Synopsis (Goodreads): In a series of essays, written as a letter to his son, Coates confronts the notion of race in America and how it has shaped American history, many times at the cost of black bodies and lives. Thoughtfully exploring personal and historical events, from his time at Howard University to the Civil War, the author poignantly asks and attempts to answer difficult questions that plague modern society. In this short memoir, the “Atlantic” writer explains that the tragic examples of Michael Brown, Trayvon Martin, and those killed in South Carolina are the results of a systematically constructed and maintained assault to black people–a structure that includes slavery, mass incarceration, and police brutality as part of its foundation. From his passionate and deliberate breakdown of the concept of race itself to the importance of the Black Lives Matter movement, Coates powerfully sums up the terrible history of the subjugation of black people in the United States. A timely work, this title will resonate with all teens–those who have experienced racism as well as those who have followed the recent news coverage on violence against people of color.
I first read Between the World and Me at the beginning of this year, and re-read it for a book club recently. Usually when a book has been hyped up so much, I am wary of falling prey to the hype and reading it because ‘everyone else is reading it’.
- This book is in that rare category that lives up to the hype
- I believe it is also a book that you will need to read several times to truly appreciate the importance of the message
Even while re-reading this book for the second time I was realizing how difficult it would be for me to write a traditional review.
Given the stories of violence and police brutality against unarmed black men that have been emerging from the US over the last couple of years, this book could not have come along at a better time.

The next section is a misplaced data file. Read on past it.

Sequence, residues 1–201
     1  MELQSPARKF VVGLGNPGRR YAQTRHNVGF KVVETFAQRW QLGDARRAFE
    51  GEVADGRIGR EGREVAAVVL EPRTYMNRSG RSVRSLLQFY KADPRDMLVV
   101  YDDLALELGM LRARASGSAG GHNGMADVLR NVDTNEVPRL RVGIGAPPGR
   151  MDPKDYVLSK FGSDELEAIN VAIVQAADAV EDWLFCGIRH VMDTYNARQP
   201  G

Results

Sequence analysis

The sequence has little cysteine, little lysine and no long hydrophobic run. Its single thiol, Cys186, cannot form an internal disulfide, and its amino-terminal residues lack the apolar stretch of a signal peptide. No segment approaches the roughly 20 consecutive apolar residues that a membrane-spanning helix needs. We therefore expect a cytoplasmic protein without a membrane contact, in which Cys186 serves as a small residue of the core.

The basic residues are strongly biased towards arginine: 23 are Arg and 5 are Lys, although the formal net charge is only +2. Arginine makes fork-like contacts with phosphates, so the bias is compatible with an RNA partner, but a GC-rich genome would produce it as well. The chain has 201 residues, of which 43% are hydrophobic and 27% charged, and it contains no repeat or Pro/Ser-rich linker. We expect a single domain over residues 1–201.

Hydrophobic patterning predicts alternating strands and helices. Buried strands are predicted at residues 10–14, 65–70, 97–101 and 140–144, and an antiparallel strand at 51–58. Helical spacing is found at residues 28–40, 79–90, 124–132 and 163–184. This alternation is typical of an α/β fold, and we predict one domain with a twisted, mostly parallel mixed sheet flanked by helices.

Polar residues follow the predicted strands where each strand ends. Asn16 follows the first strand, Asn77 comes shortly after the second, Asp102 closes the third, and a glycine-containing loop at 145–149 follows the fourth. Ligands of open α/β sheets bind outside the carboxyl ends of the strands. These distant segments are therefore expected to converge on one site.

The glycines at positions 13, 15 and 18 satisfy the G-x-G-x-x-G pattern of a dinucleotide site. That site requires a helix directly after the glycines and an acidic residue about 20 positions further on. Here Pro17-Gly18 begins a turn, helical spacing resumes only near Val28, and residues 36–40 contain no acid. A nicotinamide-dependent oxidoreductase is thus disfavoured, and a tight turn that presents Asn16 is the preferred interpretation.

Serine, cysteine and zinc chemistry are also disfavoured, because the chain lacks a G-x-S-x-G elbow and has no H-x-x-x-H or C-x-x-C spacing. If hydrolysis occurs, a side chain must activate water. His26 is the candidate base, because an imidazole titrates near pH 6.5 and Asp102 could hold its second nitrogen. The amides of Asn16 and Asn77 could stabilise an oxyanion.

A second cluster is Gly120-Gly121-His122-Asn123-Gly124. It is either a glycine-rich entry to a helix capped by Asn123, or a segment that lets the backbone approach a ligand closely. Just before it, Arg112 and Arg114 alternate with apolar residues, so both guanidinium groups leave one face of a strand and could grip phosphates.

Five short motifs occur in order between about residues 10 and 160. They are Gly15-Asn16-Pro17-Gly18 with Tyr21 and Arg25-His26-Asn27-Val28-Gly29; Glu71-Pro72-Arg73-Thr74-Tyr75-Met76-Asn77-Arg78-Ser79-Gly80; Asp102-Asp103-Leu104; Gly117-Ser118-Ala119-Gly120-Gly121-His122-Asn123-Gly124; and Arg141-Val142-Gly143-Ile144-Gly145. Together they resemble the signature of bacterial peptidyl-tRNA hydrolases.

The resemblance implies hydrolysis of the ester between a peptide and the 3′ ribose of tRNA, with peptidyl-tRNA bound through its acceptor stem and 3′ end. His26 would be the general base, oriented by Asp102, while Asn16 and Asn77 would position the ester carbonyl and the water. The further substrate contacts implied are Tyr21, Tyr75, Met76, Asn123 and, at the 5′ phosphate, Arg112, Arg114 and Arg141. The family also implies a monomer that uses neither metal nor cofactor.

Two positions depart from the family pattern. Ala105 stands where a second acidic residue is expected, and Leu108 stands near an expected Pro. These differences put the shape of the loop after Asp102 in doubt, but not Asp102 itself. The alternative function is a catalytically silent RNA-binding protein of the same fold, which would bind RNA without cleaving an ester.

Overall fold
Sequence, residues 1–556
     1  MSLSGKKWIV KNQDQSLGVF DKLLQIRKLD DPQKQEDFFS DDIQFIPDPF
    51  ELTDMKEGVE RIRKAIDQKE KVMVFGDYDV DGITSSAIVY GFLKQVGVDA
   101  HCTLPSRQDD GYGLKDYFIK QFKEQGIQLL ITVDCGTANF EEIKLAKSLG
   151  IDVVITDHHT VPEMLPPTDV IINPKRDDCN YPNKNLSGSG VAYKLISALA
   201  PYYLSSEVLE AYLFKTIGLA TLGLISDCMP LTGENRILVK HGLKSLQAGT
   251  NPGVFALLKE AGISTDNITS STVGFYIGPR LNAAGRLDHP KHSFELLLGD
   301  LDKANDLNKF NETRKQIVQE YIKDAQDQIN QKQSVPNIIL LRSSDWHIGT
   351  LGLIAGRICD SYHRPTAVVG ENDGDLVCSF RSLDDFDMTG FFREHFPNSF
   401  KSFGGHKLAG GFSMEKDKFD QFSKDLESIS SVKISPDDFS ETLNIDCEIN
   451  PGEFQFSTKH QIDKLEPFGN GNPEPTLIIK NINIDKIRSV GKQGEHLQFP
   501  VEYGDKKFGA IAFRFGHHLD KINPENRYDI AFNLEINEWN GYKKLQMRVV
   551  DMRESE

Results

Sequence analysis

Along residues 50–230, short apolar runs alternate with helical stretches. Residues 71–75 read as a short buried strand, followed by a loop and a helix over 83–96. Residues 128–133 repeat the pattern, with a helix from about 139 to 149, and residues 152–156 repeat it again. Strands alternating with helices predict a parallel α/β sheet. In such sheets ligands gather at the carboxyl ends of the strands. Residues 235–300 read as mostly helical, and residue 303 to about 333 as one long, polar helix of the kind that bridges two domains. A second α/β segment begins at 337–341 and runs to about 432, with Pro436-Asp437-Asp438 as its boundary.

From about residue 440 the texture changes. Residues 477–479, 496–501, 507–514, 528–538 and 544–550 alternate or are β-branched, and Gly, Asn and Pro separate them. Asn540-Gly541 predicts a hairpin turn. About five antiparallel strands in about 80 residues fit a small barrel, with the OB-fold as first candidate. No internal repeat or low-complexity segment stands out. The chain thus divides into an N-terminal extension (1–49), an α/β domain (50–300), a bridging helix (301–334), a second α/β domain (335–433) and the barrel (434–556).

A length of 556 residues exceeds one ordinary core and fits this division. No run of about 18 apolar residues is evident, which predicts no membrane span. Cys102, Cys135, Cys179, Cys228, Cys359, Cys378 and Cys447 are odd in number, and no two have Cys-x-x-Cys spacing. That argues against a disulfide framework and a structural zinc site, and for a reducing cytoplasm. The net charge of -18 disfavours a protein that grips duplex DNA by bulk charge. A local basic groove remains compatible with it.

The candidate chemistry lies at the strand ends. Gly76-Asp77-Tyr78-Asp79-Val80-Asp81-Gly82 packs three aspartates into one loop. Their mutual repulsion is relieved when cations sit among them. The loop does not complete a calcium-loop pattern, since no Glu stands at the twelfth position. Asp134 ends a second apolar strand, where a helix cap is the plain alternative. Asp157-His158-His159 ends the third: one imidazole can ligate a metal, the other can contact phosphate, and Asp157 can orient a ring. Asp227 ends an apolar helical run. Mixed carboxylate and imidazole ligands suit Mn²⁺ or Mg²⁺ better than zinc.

Written as a letter to his son, Ta-Nehisi Coates passionately and thought-provokingly explores what it feels like to grow up as a black man in a modern-day American society where there is an inherent need to protect one’s African-American body, and that of their children, from the Streets, from the school system, and even from the law – a need driven by a fear that exists not so much from a failing of society and the American system but because it is an integral part of the system that has evolved since the days when slavery existed.
One of the things that really resonated with me from the book was the author writing that “Serious history was the West, and the West was white”. As a high school student, I always struggled to enjoy history lessons because memorizing battle dates and learning about the formation of the League of Nations was not something I could really relate to or identify it – it was not the history of the world around me. Only after I left school, and even then through independent reading and searching, did I discover the depth and richness of Indian, African, Asian, and other “non-white” history.
This is not a book offering answers or advice on how to ‘deal with’ the race question. What it is, is an extremely well-written and candid account of a black father’s personal experiences and thoughts about growing up in America and his fears and hopes for his son.
One of my friends from book club said during our discussion last night that this was such a depressing book, mainly because the truths it highlights make it such a difficult read. This is exactly why I think everyone SHOULD read and discuss this book – attitudes to race will take generations to change but we have to start somewhere. Reading this book is it.